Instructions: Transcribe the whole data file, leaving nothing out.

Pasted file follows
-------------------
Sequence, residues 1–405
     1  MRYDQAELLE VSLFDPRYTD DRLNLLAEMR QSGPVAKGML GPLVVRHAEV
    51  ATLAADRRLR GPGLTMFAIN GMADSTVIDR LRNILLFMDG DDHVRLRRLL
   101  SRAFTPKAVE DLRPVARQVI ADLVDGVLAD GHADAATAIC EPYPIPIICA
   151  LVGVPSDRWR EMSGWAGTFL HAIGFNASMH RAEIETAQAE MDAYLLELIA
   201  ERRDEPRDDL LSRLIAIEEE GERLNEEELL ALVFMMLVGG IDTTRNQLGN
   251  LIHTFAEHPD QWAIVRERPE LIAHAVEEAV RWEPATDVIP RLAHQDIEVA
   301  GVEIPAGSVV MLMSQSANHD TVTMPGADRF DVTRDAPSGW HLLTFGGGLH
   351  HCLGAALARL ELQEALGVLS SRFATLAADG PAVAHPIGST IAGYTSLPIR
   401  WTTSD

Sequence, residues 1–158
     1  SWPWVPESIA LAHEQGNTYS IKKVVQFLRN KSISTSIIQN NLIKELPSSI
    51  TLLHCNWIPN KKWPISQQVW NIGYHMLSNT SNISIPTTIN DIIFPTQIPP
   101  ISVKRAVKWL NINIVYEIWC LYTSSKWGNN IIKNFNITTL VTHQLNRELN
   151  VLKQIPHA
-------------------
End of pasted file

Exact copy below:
Sequence, residues 1–405
     1  MRYDQAELLE VSLFDPRYTD DRLNLLAEMR QSGPVAKGML GPLVVRHAEV
    51  ATLAADRRLR GPGLTMFAIN GMADSTVIDR LRNILLFMDG DDHVRLRRLL
   101  SRAFTPKAVE DLRPVARQVI ADLVDGVLAD GHADAATAIC EPYPIPIICA
   151  LVGVPSDRWR EMSGWAGTFL HAIGFNASMH RAEIETAQAE MDAYLLELIA
   201  ERRDEPRDDL LSRLIAIEEE GERLNEEELL ALVFMMLVGG IDTTRNQLGN
   251  LIHTFAEHPD QWAIVRERPE LIAHAVEEAV RWEPATDVIP RLAHQDIEVA
   301  GVEIPAGSVV MLMSQSANHD TVTMPGADRF DVTRDAPSGW HLLTFGGGLH
   351  HCLGAALARL ELQEALGVLS SRFATLAADG PAVAHPIGST IAGYTSLPIR
   401  WTTSD

Sequence, residues 1–158
     1  SWPWVPESIA LAHEQGNTYS IKKVVQFLRN KSISTSIIQN NLIKELPSSI
    51  TLLHCNWIPN KKWPISQQVW NIGYHMLSNT SNISIPTTIN DIIFPTQIPP
   101  ISVKRAVKWL NINIVYEIWC LYTSSKWGNN IIKNFNITTL VTHQLNRELN
   151  VLKQIPHA